This New Pardo de León Exhibit Shows Humorous, Emotional Spectacles

May 15, 2024



Elle Yap

The Crack, the Gap, the Alleyway, the new exhibit at MO_Space, combines new and previously unreleased works of artist Pardo de León and finds the thematic connections she maintained throughout her artistic career.

Pardo de León’s Blue Girl series. Photo by Elle Yap.
Pardo de León’s Blue Girl series. Photo by Elle Yap.

The background of some of the artworks are exciting, with Jet Melencio’s write-up covering the interesting history of how one of the paintings, “Stitched Frog,” ended up not being shown in its 1989 exhibition in Riga due to the Armenian earthquake. The other painting of note, “Angel & Taxicab,” did not get exhibited due to the First EDSA Revolution. 

Cherubian Faces Skewed

The Crack, the Gap, the Alleyway demonstrates Pardo de León’s interest in finding ways to flip old-fashioned angelic faces into strange contexts that finds the humor and emotions within what seems like “perfect” faces. Melencio describes the looks of the women in the paintings as “Caravaggio head,” but de León puts her paintings in stranger situations than Caravaggio ended up doing. 

“Stitched Frog” and “Angel & Taxicab” exemplifies these qualities well. The first painting has a person in a state of shock as a frog seems to stand on their head. It’s a close-up face of disgust and surprise, as if the person doesn’t know how to react to the situation. The face being mostly covered by this arrogant-looking frog gives it an even more absurdist edge overall. 

"Stitched Frog" by Pardo de Leon. Photo by Elle Yap.
“Stitched Frog” by Pardo de Leon. Photo by Elle Yap.

“Angel & Taxicab,” meanwhile, shows a person’s resigned look as they appear to be hit by a taxicab. It’s much less absurd than the previous painting, as de León captures the befuddlement of the person getting hit. Still, there’s a hint of deadpan humor to it, a Wes Anderson-esque understatement of emotion to what appears to be a painful event happening to the person.

"Angel & Taxicab" by Pardo de Leon. Photo by Elle Yap.
“Angel & Taxicab” by Pardo de Leon. Photo by Elle Yap.

The newer paintings also contain absurdist touches that feel like Pardo de León deliberately subverts the ideals of beauty by presenting them in incomplete or skewed perspectives. 

"Black Coat" by Pardo de Leon. Photo by Elle Yap.
“Black Coat” by Pardo de Leon. Photo by Elle Yap.

“Black Coat,” for example, are two paintings of a smirking woman’s profile from the mouth down, except that, as exhibited, the two paintings are put on top of each other to create mirror images. It’s very deconstructive, and put together, creates a distinct, idiosyncratic view of beauty as a whole.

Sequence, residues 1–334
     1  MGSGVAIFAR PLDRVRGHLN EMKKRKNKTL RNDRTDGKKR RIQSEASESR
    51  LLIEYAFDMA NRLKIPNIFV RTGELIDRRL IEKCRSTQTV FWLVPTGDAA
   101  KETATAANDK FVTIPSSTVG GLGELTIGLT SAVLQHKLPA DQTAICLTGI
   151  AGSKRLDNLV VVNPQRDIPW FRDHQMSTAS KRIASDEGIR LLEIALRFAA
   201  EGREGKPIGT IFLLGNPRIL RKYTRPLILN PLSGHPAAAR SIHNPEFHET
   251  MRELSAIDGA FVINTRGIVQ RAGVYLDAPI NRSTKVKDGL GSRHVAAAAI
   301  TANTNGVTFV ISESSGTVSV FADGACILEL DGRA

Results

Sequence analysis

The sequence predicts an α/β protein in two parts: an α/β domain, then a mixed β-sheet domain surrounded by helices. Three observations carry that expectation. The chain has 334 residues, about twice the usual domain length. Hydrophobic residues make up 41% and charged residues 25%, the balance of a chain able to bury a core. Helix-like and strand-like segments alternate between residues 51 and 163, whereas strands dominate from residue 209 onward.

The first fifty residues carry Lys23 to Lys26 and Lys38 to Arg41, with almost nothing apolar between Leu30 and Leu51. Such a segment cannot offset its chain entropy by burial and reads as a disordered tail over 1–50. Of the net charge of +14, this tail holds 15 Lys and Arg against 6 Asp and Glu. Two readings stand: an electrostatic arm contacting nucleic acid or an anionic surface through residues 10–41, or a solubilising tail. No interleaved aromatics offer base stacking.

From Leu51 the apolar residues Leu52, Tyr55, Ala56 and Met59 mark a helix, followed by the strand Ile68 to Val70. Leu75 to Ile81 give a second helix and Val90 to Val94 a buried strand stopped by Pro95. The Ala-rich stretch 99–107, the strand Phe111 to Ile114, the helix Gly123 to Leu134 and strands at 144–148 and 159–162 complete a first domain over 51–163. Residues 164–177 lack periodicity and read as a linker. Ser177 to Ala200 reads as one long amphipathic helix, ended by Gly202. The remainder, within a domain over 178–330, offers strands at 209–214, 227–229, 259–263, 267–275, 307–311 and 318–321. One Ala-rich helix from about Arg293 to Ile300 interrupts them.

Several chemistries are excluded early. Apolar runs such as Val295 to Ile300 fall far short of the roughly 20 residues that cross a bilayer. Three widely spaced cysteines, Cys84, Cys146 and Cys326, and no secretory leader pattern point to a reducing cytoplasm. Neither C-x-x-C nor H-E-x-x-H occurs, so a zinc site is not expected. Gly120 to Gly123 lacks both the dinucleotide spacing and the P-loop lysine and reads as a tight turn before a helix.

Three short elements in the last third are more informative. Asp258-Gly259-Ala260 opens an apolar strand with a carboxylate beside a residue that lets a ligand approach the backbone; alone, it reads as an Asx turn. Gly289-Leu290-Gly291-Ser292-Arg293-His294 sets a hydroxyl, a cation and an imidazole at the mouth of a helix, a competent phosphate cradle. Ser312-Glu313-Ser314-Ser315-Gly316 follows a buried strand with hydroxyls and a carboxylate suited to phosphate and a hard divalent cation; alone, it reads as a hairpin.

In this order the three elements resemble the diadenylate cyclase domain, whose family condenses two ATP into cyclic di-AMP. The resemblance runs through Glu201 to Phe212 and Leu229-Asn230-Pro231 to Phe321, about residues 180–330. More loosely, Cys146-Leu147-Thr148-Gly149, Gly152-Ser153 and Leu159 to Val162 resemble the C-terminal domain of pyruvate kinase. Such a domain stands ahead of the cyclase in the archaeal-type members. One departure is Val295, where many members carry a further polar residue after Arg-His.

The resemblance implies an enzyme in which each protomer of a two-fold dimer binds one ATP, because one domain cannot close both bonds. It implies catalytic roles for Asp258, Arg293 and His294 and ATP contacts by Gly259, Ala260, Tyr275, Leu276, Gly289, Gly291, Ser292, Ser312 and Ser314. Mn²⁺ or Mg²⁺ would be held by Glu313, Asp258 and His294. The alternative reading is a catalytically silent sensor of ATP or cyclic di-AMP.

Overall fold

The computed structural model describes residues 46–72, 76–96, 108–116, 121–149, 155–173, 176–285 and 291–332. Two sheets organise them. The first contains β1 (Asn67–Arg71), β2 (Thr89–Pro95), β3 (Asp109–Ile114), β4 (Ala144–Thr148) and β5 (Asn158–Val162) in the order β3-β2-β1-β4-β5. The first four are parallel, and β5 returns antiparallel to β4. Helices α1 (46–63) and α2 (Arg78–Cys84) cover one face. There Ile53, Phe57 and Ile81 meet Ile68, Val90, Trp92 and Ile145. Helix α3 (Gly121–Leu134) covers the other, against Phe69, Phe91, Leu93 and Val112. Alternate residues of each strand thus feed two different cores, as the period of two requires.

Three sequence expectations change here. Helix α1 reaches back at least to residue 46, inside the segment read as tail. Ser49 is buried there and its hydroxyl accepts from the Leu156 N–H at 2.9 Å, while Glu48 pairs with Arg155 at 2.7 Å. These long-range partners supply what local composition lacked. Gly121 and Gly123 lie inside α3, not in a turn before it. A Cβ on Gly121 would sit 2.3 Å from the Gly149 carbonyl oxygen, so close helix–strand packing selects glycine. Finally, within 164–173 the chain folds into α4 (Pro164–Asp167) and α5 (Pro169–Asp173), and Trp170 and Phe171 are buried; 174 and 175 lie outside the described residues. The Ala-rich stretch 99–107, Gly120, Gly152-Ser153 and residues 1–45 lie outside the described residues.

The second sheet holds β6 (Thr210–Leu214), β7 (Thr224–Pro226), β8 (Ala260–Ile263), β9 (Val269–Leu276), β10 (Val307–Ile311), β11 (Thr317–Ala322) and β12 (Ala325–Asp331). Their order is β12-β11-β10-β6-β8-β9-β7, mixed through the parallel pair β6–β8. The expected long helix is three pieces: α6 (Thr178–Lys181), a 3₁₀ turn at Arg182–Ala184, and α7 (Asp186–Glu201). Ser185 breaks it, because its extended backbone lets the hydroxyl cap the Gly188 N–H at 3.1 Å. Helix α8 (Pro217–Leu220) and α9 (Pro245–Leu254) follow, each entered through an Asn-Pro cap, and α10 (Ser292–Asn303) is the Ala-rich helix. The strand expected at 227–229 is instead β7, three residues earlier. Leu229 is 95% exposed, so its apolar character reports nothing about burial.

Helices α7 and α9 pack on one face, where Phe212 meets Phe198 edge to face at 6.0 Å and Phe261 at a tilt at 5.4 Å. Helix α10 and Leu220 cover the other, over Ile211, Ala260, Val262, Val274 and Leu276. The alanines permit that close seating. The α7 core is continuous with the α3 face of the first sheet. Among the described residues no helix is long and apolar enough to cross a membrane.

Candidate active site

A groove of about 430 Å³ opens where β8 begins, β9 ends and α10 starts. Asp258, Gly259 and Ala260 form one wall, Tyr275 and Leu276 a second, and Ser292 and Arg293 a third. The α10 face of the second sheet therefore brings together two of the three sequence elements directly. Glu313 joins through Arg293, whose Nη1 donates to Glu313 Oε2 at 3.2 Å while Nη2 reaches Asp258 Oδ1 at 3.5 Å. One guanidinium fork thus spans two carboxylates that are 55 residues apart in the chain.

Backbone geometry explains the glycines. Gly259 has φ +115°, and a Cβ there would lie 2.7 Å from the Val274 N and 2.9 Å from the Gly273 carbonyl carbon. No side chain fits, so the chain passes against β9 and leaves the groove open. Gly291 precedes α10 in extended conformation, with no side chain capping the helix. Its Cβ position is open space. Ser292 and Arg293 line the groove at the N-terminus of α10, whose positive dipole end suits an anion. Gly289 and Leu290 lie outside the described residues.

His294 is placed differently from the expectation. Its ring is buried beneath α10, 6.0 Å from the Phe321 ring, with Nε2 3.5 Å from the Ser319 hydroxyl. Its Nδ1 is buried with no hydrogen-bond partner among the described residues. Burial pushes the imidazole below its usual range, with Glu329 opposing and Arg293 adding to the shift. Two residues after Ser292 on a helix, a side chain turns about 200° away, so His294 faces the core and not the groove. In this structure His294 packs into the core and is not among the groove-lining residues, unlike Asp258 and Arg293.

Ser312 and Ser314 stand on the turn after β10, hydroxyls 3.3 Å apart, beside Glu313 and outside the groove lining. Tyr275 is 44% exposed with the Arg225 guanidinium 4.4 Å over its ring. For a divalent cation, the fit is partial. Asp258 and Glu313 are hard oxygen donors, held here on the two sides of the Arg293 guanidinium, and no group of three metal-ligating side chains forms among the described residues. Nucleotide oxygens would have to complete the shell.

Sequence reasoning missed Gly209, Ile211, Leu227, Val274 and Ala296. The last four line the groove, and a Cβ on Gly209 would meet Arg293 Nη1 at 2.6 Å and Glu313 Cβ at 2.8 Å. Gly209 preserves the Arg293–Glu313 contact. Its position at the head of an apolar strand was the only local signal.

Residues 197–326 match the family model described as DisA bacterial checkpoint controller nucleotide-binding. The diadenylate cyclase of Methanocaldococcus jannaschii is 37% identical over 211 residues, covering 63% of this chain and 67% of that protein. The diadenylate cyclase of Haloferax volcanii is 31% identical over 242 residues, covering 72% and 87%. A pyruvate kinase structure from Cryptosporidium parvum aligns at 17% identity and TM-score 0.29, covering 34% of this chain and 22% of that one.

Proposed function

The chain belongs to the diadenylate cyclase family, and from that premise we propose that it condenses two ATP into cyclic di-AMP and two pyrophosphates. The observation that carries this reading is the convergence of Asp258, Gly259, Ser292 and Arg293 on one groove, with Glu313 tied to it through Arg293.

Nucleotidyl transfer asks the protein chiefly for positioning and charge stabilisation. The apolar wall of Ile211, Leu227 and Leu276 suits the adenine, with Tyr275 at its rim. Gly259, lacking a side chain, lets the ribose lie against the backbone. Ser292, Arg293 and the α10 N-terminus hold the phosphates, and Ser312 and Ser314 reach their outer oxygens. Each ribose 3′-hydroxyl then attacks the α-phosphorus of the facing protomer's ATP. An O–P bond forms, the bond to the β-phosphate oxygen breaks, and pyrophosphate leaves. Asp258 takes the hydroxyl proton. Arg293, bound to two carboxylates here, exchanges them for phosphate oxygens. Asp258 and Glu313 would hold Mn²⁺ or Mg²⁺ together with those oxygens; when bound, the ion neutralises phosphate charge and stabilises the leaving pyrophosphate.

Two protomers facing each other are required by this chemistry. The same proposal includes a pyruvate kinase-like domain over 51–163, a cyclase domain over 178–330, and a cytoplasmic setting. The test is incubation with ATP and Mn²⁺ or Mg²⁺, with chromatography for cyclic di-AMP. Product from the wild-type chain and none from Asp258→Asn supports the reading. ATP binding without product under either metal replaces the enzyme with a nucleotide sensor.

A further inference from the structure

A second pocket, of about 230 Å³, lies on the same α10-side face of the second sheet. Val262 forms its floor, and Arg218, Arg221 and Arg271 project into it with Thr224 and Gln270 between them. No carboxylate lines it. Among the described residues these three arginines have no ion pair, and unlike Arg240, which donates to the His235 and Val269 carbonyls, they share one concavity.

Abstracting Emotions

Other paintings in the collection have an abstract, mathematical methodology towards their approach. They don’t have faces, and yet they seem to be a delicately-painted, kaleidoscopic deconstruction of the paintings they come from. Looking at them feels like Pardo de León put her paintings through a funhouse mirror and painted the results. 

“Black Coat Series 1-3” and “From the Blue Girl Series 1-3” uses elements from their respective parent paintings and puts them in boxes, deriving new patterns from the differing motifs of the paintings. “From the Blue Girl Series” kind of looks like church tiles from a certain perspective, while the “Black Coat Series” paintings mimic the look of sand put in boxes at certain patterns. 

Details for "Black Coat Series" as shown in "The Crack, the Gap, the Alleyway. Photo by Elle Yap.
Details for “Black Coat Series” as shown in “The Crack, the Gap, the Alleyway. Photo by Elle Yap.
Details for "Black Coat Series" as shown in "The Crack, the Gap, the Alleyway. Photo by Elle Yap.
Details for “Black Coat Series” as shown in “The Crack, the Gap, the Alleyway. Photo by Elle Yap.
Close-up look for "From the Blue Girl Series" as shown in "The Crack, the Gap, the Alleyway." Photo by Elle Yap.
Close-up look for “From the Blue Girl Series” as shown in “The Crack, the Gap, the Alleyway.” Photo by Elle Yap.

“In harmony, she integrates floor patterns that structurally mimic the women in both composition and palette—a fugue faintly echoed in the pixellations of these ancient mosaics,” Melencio said of these paintings. 

Close-up of the face from "Angel & Taxicab." Photo by Elle Yap.
Close-up of the face from “Angel & Taxicab.” Photo by Elle Yap.

The Crack, the Gap, the Alleyway has a deliberate aesthetic to the works featured that subverts the expectations and standards of artworks not just in the artist’s past but in art’s past as a whole. One can derive a whole lot of humorous pleasure from the playful yet calculated choices that Pardo de León utilizes, and this exhibit showcases these motifs and themes well.

Related reading: Contemporary Arts in the Philippines: An Introduction

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